USS McClusky departs San Diego searching for drug smugglers

Departures are always difficult for our Navy sailors and their families and loved ones; homecomings are the best. But think about the various missions of our Navy ships at sea, including Wednesday, when the USS Vandergrift pulled in with a San Diego family who'd been stranded in an open ocean in their sailboat. The mission for the guided missile frigate USS McClusky for the next five and a half months: drug interdiction off Central and South America. 
“We do have a Coast Guard detachment trained in this, and a helicopter detachment, and they've been working with the Coast Guard for the last several months getting ready to do this mission,” said commanding officer Jan McCann.
It's officially called Operation Martillo, and it involves not just the Navies of the countries in the area, but Canada and Great Britain. Tactics? It's often a cat-and-mouse game between the ships and the drug runners.
“They pay attention to what we do and they modify what they do, and we have to change our tactics to keep up with them. Sure enough, we found the wife of a crew member whose going to be watching the radar looking for the bad guys.”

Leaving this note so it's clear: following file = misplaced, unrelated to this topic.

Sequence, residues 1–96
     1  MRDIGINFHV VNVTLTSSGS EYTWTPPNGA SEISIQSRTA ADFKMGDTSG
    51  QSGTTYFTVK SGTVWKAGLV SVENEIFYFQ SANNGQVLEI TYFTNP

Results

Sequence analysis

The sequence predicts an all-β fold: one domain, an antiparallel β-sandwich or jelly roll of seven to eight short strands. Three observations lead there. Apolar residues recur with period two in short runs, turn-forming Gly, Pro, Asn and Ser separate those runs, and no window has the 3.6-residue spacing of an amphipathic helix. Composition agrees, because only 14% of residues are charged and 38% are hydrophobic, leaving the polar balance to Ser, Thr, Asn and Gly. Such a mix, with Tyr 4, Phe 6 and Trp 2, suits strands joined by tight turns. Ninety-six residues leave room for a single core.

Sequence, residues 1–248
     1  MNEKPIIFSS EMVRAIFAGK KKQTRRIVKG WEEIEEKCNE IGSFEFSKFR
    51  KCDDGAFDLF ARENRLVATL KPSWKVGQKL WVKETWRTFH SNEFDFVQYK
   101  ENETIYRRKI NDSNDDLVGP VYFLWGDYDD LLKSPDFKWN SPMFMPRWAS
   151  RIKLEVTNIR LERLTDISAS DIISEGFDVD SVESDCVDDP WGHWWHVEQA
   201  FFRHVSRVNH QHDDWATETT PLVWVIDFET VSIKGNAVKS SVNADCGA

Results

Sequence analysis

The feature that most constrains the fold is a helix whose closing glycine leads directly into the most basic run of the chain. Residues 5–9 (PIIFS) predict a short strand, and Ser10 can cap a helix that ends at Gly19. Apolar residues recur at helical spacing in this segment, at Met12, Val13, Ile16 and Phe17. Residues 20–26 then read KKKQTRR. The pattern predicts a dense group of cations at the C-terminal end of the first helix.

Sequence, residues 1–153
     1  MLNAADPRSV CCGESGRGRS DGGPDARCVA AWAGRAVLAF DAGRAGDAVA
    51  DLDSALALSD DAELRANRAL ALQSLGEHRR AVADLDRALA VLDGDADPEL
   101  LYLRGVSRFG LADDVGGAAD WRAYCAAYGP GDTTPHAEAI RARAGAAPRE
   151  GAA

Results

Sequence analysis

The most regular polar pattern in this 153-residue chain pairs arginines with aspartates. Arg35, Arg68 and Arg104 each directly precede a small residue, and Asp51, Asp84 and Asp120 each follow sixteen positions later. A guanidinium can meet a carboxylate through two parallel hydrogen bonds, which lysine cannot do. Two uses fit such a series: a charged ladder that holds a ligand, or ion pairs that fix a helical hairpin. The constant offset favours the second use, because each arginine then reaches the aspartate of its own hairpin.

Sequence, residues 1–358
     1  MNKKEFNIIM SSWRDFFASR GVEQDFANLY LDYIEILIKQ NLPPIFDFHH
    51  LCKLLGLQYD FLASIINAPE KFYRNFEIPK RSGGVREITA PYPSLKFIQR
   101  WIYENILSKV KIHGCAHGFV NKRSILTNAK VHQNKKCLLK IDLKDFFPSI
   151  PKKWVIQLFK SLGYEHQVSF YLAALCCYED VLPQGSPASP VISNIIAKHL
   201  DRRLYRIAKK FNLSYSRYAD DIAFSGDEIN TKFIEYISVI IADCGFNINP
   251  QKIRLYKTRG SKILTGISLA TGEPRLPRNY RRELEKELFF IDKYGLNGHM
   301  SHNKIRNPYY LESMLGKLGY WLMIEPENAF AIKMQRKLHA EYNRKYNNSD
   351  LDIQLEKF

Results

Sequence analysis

Petty officer Deandre Davis waved his last goodbyes to a tearful wife Monica; Davis has had several deployments during his Navy career, but this is his wife's first.
“He just tells me to be strong and to wait for him when he returns, and that's what I'm going to do,” said wife Monica.
Monica has plenty of support here from her sister and best friends.
As for the mission, if you want to bet on a specific ship to intercept the smugglers, your odds are favorable with the McClusky. Two years ago, on a similar deployment, the McClusky seized 10,000 pounds of cocaine – worth an estimated $174 million.
“We're hoping to top it – get as much as we can to make our streets safer,” continued McCann.
Categories: KUSI